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Measurement of the dynamic charge response of materials using low-energy, momentum-resolved electron energy-loss spectroscopy (M-EELS)

Sean Vig, Anshul Kogar, Matteo Mitrano, Ali A. Husain, Vivek Mishra, Melinda S. Rak, Luc Venema, Peter D. Johnson, Genda D. Gu, Eduardo Fradkin, Michael R. Norman, Peter Abbamonte

SciPost Phys. 3, 026 (2017) · published 6 October 2017


One of the most fundamental properties of an interacting electron system is its frequency- and wave-vector-dependent density response function, $\chi({\bf q},\omega)$. The imaginary part, $\chi''({\bf q},\omega)$, defines the fundamental bosonic charge excitations of the system, exhibiting peaks wherever collective modes are present. $\chi$ quantifies the electronic compressibility of a material, its response to external fields, its ability to screen charge, and its tendency to form charge density waves. Unfortunately, there has never been a fully momentum-resolved means to measure $\chi({\bf q},\omega)$ at the meV energy scale relevant to modern electronic materials. Here, we demonstrate a way to measure $\chi$ with quantitative momentum resolution by applying alignment techniques from x-ray and neutron scattering to surface high-resolution electron energy-loss spectroscopy (HR-EELS). This approach, which we refer to here as ``M-EELS" allows direct measurement of $\chi''({\bf q},\omega)$ with meV resolution while controlling the momentum with an accuracy better than a percent of a typical Brillouin zone. We apply this technique to finite-{\bf q} excitations in the optimally-doped high temperature superconductor, Bi$_2$Sr$_2$CaCu$_2$O$_{8+x}$ (Bi2212), which exhibits several phonons potentially relevant to dispersion anomalies observed in ARPES and STM experiments. Our study defines a path to studying the long-sought collective charge modes in quantum materials at the meV scale and with full momentum control.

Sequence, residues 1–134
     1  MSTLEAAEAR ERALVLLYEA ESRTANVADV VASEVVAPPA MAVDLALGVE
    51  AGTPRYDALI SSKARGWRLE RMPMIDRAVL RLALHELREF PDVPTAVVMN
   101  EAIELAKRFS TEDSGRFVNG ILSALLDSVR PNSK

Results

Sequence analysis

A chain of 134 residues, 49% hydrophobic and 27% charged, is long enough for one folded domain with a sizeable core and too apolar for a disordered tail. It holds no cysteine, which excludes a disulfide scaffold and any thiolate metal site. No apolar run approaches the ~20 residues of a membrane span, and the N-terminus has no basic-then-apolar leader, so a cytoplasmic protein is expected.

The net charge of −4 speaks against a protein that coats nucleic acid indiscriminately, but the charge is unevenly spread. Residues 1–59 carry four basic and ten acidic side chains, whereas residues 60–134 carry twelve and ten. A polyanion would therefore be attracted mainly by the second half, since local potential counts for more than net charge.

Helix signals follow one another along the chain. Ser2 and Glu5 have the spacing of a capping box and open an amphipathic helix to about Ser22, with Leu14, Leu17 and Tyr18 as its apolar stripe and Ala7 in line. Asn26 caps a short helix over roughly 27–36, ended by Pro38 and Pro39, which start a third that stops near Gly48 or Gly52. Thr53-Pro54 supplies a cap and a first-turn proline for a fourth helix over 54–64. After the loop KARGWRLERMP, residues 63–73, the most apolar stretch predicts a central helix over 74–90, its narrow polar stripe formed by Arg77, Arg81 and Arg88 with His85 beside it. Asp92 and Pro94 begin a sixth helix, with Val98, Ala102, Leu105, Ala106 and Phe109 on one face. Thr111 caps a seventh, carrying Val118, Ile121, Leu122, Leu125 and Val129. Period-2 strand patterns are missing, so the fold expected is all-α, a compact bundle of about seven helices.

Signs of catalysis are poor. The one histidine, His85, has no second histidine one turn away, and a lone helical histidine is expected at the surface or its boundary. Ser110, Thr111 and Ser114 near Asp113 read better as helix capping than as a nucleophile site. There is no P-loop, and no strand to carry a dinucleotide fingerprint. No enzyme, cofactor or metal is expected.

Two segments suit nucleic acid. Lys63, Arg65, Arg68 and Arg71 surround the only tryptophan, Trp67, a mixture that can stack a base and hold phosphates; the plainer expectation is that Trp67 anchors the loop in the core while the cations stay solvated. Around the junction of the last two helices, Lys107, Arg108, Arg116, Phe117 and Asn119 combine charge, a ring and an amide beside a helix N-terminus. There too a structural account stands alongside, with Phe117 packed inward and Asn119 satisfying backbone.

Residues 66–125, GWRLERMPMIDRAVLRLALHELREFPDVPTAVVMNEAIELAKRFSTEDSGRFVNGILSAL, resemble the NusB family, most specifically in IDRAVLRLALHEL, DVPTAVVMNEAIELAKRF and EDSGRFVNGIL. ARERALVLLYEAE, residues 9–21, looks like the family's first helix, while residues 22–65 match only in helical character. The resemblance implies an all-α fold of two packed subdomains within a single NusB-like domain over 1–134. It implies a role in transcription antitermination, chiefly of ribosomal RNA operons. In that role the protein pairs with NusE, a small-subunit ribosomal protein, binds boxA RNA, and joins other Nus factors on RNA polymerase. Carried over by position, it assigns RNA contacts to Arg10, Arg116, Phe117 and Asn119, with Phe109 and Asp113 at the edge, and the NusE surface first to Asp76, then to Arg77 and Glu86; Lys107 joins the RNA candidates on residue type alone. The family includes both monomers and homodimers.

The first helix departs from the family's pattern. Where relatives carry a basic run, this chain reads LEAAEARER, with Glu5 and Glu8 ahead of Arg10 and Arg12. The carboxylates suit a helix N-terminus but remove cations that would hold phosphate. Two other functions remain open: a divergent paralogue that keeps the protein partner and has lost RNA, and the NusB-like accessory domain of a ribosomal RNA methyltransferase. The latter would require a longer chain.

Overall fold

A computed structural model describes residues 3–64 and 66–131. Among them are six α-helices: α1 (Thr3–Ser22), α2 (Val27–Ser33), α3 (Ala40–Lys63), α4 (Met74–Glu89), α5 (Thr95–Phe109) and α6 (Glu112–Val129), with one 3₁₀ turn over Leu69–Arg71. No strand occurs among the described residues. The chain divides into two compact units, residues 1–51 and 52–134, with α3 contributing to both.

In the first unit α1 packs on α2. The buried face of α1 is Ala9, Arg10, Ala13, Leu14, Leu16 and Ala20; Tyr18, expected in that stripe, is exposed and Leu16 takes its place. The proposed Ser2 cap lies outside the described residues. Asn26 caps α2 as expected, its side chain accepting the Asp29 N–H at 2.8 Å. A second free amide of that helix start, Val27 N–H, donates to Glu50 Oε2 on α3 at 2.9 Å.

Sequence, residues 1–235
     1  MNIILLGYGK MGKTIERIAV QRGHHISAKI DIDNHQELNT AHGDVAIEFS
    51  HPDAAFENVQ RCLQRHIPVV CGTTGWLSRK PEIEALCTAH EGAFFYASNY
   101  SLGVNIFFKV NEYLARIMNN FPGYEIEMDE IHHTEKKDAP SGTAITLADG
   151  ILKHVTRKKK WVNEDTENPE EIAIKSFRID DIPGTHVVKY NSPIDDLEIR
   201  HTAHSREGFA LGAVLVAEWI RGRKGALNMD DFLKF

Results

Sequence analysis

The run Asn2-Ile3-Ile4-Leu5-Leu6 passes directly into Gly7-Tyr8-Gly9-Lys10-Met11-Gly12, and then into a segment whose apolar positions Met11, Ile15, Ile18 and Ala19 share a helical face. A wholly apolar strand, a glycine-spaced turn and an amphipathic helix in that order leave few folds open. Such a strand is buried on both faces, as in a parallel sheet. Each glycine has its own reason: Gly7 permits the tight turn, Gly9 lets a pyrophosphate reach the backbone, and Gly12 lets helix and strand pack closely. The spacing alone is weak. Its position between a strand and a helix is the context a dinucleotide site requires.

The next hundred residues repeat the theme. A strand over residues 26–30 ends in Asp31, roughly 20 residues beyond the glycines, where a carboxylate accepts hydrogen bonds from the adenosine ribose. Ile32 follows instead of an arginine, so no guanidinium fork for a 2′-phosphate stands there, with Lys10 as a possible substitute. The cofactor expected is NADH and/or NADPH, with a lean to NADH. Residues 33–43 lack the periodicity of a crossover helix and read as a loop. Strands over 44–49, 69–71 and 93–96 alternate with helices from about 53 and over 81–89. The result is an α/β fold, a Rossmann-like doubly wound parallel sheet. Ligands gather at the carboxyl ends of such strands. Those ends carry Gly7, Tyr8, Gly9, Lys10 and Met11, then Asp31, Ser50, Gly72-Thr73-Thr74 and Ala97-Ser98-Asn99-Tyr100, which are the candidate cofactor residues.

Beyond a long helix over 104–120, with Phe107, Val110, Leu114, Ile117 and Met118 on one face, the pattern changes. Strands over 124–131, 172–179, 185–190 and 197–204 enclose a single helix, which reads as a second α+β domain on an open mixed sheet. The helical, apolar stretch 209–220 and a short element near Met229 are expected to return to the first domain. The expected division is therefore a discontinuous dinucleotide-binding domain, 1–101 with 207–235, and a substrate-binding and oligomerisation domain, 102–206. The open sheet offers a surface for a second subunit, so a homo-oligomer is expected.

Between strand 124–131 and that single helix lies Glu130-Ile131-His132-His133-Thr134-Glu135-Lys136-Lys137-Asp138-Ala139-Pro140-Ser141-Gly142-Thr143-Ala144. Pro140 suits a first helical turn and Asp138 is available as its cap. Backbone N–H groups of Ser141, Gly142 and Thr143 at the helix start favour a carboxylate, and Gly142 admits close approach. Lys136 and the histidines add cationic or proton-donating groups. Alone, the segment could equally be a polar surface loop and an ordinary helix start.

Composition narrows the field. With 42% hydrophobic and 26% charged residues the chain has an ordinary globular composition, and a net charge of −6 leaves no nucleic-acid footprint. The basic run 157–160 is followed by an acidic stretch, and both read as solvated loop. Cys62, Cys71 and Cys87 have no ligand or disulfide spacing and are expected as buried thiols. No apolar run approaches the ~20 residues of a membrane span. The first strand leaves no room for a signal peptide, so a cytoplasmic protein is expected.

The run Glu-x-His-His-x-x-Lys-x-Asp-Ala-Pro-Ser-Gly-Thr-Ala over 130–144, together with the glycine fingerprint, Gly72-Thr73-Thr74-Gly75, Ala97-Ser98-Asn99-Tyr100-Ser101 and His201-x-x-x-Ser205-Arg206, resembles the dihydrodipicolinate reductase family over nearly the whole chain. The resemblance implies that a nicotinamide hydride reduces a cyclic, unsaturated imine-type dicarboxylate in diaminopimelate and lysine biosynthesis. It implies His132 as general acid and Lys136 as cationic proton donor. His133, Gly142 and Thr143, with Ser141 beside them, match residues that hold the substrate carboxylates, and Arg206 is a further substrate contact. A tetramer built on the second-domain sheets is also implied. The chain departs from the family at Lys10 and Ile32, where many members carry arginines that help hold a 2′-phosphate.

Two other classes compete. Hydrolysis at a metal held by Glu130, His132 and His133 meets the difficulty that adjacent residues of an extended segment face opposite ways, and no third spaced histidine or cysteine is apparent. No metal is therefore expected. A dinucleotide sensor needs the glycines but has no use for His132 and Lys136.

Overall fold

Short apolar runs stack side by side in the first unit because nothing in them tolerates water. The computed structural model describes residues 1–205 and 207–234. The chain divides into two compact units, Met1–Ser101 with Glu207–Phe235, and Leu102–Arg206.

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Angle-resolved photoemission spectroscopy (ARPES) Charge density waves Dynamical structure factors High-temperature (High Tc) superconductors Momentum-resolved electron energy-loss spectroscopy (M-EELS) Neutron scattering Scanning tunnelling microscopy (STM) Screening Superconductivity/superconductors X-ray scattering

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